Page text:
In this section, we will discuss what are the generations of computers, the timeline of each generation, and the technology used in each generation.

What are the Generations of Computer

The Generations of Computer refers to the change in technological advancement in the field of computers from the birth of computers to the latest technology.  The generations are classified according to the evolution of the technology from the beginning till date.

They are categorized into five different generations. They  are as follows.

  • First Generation  (1946-1959): The age of vacuum tubes.
  • Second Generation(1959-1965): The semiconductor transistor replaces vacuum tubes.
  • Third Generation (1965-1971): Integrated Circuits (ICs).
  • Fourth Generation (1971-1980): VLSI (very large integration).
  • Fifth Generation (1980-till date and beyond):  ULSI(ultra large scale integration)Artificial intelligence, Robotics.

what are the Generations of Computer

First Generation (1946-1959)

Vacuum tubes were used in First Generation computers as major active devices in circuitry and magnetic drums were used for memory. The input to the system was provided through paper tapes and punched cards. Machine languages were used to write instructions for the computer. Since a large number of vacuum tubes was used for circuitry; it was bulky in size and required large area to set up the system. These vacuum tubes generate lots of heat and consume lots of electricity. These tubes were burned out frequently due to overheating.  The  performance was also  reliable and are too expensive to operate the system.

Examples of First Generation computers are: ENIAC (Electronic Numerical Integrator and Calculator), EDVAC(Electronic Discrete Variable Automatic Computer), and UNIVAC (Universal Automatic Computer)

Second Generation (1959-1965)

The invention of semiconductor transistors revolutionized the development of computer technology. The transistor was smaller in size, generate less heat, and consume less electricity than its predecessor, vacuum tubes of First Generation. Transistor was faster than vacuum tubes. It used magnetic core as primary memory; and magnetic tape and magnetic disc as secondary memory. Instructions were written in machine language as well as assembly language. Batch processing and Multiprogramming Operating system were used as system software. The concept of the stored-program has evolved from second-generation where instructions were stored in memory.

Examples of second generation are: UNIVAC 1108, CDC3600, CDC1604, IBM7094, IBM1620 etc.

Third Generation (1965-1971)

 The integrated chips (ICs) were introduced in the Third Generation. Integrated chips can hold multiple numbers of transistors in a single chip. The size of the computer drastically reduced due to the use of an IC chip. Also, the speed and efficiency of the computer of the Third Generation increased as compared to that of the Second Generation. High-level languages were used to give instructions to the computer. This generation of computers was more reliable, compact, and required less maintenance. Examples of the Third generation are IBM-260 series, Honeywell-6000, PDP (Personal Data Processor), IBM-270/168, TDC-316, etc.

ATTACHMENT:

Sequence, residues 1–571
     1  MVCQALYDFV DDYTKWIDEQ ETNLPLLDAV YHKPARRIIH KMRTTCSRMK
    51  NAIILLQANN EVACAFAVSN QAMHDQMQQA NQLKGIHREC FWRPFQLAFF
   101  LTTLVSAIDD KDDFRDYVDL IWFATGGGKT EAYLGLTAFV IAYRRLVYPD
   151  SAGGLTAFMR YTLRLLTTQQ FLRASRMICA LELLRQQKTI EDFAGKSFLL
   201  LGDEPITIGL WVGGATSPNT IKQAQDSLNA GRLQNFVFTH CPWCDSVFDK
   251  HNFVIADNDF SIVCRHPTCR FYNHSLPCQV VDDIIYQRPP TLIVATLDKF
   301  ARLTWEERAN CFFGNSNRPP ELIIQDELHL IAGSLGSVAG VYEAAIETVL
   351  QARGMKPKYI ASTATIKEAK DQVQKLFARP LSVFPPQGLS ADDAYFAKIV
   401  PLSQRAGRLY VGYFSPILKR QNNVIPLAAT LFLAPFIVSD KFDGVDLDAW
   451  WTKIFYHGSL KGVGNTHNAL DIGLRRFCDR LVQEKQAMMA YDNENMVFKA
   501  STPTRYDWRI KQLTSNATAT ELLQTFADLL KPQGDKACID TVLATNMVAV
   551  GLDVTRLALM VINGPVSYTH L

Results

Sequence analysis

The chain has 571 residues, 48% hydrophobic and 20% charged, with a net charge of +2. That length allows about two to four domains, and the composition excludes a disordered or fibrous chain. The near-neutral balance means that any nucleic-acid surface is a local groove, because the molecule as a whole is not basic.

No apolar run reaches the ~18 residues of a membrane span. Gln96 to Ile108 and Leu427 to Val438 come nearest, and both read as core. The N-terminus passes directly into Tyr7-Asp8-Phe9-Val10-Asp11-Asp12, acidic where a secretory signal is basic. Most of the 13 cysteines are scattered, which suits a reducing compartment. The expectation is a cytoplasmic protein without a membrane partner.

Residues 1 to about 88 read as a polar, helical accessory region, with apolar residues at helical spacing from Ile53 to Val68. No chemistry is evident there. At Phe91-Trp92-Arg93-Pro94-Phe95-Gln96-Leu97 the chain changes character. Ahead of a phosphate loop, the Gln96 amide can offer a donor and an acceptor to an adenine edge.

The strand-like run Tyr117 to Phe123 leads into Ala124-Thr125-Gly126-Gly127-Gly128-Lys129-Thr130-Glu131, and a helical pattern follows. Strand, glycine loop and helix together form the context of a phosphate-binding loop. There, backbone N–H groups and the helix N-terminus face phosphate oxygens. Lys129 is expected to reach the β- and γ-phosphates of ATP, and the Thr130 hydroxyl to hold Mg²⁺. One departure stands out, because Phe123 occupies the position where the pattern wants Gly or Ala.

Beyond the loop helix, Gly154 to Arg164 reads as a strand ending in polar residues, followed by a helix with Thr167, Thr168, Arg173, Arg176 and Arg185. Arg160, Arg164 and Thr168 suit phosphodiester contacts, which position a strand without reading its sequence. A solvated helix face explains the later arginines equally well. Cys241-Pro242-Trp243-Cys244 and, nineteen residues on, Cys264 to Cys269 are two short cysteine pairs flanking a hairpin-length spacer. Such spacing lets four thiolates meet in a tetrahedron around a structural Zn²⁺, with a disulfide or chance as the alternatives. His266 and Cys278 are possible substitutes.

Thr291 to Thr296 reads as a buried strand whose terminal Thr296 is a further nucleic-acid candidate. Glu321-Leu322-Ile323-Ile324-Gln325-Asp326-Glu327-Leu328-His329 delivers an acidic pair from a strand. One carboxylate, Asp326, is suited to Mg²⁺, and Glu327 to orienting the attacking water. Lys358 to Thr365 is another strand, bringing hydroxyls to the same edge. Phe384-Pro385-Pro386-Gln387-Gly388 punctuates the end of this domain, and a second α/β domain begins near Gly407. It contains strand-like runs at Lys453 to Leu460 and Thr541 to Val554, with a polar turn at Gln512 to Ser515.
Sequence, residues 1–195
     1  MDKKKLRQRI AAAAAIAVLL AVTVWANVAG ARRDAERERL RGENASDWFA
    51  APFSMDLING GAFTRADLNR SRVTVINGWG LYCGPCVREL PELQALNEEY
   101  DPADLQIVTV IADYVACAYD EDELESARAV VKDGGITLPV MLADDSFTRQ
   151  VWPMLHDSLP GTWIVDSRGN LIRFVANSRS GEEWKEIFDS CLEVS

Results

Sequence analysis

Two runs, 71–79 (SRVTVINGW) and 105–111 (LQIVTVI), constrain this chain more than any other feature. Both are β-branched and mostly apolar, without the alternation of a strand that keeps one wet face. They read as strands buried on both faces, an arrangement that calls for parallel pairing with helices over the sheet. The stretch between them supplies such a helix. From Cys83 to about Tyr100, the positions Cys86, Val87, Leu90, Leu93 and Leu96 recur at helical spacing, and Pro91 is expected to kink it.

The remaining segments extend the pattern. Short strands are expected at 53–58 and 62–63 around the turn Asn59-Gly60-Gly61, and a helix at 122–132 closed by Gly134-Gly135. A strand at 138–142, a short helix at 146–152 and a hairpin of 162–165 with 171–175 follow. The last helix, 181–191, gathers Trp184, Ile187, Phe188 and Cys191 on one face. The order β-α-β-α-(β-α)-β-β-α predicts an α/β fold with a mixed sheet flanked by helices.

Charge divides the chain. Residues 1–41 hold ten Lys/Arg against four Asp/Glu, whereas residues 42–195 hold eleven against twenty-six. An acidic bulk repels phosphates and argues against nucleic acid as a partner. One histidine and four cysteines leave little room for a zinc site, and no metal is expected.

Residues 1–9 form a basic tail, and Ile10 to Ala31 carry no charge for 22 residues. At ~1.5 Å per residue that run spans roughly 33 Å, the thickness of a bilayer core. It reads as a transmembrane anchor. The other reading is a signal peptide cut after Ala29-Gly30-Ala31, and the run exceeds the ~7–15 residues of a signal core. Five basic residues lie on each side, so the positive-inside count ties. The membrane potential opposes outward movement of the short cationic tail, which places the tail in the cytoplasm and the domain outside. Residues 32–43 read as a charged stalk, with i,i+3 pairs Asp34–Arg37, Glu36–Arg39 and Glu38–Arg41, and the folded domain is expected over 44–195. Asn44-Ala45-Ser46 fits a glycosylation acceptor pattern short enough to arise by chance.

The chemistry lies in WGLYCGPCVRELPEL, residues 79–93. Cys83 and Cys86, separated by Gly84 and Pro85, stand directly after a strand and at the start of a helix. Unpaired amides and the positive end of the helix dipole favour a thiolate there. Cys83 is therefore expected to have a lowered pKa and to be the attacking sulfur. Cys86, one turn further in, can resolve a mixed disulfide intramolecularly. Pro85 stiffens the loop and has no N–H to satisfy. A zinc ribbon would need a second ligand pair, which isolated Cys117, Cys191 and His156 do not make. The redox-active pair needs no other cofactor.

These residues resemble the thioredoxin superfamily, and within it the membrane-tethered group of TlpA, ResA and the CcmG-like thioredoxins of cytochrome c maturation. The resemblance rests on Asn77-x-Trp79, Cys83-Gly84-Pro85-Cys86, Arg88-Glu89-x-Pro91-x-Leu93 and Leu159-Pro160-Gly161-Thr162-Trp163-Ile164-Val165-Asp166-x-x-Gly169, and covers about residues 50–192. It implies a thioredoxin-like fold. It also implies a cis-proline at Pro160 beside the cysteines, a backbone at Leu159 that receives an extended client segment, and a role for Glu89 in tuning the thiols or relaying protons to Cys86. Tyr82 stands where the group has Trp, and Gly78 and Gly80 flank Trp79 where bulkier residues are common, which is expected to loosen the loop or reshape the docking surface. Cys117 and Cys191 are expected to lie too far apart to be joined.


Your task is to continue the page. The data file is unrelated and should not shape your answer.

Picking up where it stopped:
Fourth Generation (1971-1980)

The size of the integrated chips was getting smaller after the large scale integration (LSI) and very large integration (VLSI) technique evolved.  VLSI technique contained almost 5000 transistors in a single chip. Microprocessors were developed using the VLSI technique. The size of the computer dramatically reduced and it has become more compact, reliable, generate less heat, and consumes very less electricity. High-level languages like C, C++, and DBASE are used for programming. Personal computers came into existence due to smaller sizes. Semiconductor memory was used in place of magnetic core memory.  The size of the secondary memory reduced and storage capacity was increased. There was a major development in the field of networking and the concept of the internet evolved during the Fourth Generation.

Examples of fourth-generation computers are DEC10, PDP11, STAR1000, CRAY-1 Supercomputer, etc.

Fifth Generation (1980-till date and beyond)

There was a huge development in the field of computer technology for the last ten decades. In the 1950s, the computers were so large and bulky; as the technology changes, the size drastically reduced and come with more reliability and compact in size. Till then, the computer was allowed to perform specific task, until the user tells it to do. But after the development of artificial intelligence, a computer can think like human beings. The software was developed to simulate human thinking and reasoning. Parallel processing emerged as the major development where CPUs are allowed to execute several instructions in parallel which increases the processing speed and handles the multiple tasks simultaneously. High-level languages like C, C++, .Net, Object-Oriented Programming, Java, Natural Language Processing are used in this generation.

 

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